The atmosphere at Kuala Lumpur International Airport (KLIA) belies the fact that the aviation industry has yet to answer several pertinent questions surrounding the disappearance of Malaysia Airline flight MH370 bound for Beijing.
Two months after the Boeing 777 jet piloted by Captain Zaharie Ahmad departed at 12.41am (Malaysia Time) on March 8, 2014, and fell off the radar upon reaching waypoint Igari, KLIA exudes a sense of normalcy, as though the commercial aviation industry has not been affected at all by the biggest mystery in the history of commercial flight.
That the airport was the last place where passengers gathered before boarding the ill-fated jetliner now seems to have escaped everyone’s attention.
Nevertheless, this was the meeting point for 12 Freescale Malaysia employees before heading to Tianjin on a month-long assignment.
This was where a group of 19 artists from the Republic of China bid farewell to organisers of an art exhibition which they had duly attended.
This was where IBM executive Philip Wood texted his partner to say that he was about to meet her soon.
This was the place where a newlywed couple were overcome with excitement before embarking on their long awaited honeymoon.
It was here that Mongolia bound engineer Paul Weeks wrote that he had already started missing his family.
And this was also the location where 227 passengers – from China, Malaysia, Indonesia, India, France, Canada, Australia, etc – plus 12 crew members were last seen before their supposedly routine flight to the Chinese capital city.
Two months on, KLIA seems to have lost sight of the fact that MH370 took off from its runway.
Beijing Capital International Airport waited in anticipation but never got to see it touch down.
The flight board at Beijing Capital International Airport read: “MH370, Scheduled Time of Arrival: 6.30am” and was written in red. It was removed when military vessels from various countries began scouring the South China Sea, Straits of Malacca as well as the Indian Ocean in search of the missing aircraft.
As the extensive search and rescue operation taking place in the southern Indian Ocean seems unable to bear any signs of success, details of flight MH370 should once again be put on the flight board in both KLIA dan Beijing Capital International Airport.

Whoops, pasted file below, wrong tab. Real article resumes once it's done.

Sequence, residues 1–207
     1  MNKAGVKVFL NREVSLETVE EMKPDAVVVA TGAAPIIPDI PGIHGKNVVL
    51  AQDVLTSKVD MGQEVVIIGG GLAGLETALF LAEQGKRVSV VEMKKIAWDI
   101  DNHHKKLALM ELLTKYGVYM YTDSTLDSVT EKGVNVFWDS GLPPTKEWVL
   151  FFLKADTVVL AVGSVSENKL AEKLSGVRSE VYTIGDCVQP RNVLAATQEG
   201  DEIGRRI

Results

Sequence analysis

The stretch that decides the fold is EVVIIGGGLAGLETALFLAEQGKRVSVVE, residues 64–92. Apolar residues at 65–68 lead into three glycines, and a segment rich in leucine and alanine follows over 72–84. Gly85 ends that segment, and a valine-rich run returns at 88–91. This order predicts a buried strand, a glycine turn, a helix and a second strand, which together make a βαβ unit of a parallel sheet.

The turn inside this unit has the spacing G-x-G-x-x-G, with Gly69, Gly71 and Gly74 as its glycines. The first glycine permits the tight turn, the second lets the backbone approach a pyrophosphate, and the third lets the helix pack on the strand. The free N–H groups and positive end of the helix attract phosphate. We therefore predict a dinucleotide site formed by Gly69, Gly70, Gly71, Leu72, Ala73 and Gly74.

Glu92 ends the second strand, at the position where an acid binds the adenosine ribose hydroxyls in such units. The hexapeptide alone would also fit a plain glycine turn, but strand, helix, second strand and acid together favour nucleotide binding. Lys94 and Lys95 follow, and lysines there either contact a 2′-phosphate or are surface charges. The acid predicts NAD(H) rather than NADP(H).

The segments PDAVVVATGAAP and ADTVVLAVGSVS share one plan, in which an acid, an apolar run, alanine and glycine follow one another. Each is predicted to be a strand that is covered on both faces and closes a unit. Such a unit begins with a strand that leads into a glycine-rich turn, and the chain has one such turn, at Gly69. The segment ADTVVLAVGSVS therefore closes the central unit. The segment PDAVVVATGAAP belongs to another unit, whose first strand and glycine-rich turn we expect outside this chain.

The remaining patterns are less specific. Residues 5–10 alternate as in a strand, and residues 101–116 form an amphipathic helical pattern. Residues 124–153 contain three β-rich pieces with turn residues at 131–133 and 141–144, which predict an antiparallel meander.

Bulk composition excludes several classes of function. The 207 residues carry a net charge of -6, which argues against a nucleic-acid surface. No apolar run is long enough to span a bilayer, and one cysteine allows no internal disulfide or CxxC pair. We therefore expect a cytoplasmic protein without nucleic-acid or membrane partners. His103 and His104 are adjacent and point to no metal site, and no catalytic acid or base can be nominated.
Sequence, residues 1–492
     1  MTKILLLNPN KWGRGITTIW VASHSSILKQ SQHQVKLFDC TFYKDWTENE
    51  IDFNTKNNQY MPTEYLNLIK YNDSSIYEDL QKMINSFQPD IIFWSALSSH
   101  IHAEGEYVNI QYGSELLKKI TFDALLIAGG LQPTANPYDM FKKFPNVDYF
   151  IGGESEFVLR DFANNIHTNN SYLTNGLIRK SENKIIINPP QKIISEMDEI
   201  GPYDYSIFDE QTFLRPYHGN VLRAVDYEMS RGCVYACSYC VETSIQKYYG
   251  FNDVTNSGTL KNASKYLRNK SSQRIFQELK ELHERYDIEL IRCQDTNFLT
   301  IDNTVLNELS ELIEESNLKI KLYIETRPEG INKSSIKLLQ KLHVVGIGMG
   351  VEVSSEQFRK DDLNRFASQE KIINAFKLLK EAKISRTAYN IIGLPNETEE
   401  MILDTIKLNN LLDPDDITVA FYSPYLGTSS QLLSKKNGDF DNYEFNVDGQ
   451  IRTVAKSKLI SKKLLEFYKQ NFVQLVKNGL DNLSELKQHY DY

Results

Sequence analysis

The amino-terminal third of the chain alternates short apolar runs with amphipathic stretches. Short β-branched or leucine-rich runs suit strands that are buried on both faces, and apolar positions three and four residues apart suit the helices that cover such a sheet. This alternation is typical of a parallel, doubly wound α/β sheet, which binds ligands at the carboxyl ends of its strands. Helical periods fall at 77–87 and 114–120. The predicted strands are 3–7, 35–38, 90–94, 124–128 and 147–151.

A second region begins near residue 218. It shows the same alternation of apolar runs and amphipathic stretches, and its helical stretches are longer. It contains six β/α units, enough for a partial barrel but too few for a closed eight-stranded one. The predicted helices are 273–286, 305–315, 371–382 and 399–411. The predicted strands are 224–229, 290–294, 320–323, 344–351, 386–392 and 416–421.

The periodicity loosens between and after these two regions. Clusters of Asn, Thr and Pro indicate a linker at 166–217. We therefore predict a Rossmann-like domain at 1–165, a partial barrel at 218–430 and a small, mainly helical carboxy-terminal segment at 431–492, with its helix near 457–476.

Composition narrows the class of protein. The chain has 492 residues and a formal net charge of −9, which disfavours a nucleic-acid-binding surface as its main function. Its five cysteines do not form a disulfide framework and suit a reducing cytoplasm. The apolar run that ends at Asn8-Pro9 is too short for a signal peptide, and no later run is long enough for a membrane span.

Why? Because the aviation industry owes it to the families of the passengers and crew members, and air travellers from around the globe.
As a symbolic gesture of corporate responsibility, Malaysia Airport Holdings Berhad (MAHB) must reinstate details of MH370 including its Scheduled Time of Arrival, Estimated Time of Arrival and Remarks (MISSING) on its flight board at the departure hall. At the same time, Beijing Capital International Airport must also put up the details at its arrival hall.
Such a reminder should continue to be on display until Malaysian Three Seven Zero is found, be it in the ocean or on land.
This way, guests to these airports will continue to be reminded that the disappearance of flight MH370 and everyone on board will be of utmost concern to the relevant parties as long as there is no proper closure in sight.
Perhaps it is true that the MH370 saga has slowly dropped off the media glare and no longer draws attention from the general public, but for KLIA, Beijing Capital International Airport, MAS, Department of Civil Aviation, governments of Malaysia and The Republic of China, Boeing, Rolls Royce, Inmarsat as well as families of passengers and crew members, such a gesture will drive home the message that we are still awaiting their return. – May 17, 2014.
* Lokman Mustafa reads The Malaysian Insider.
* This is the personal opinion of the writer or publication and does not necessarily represent the views of The Malaysian Insider.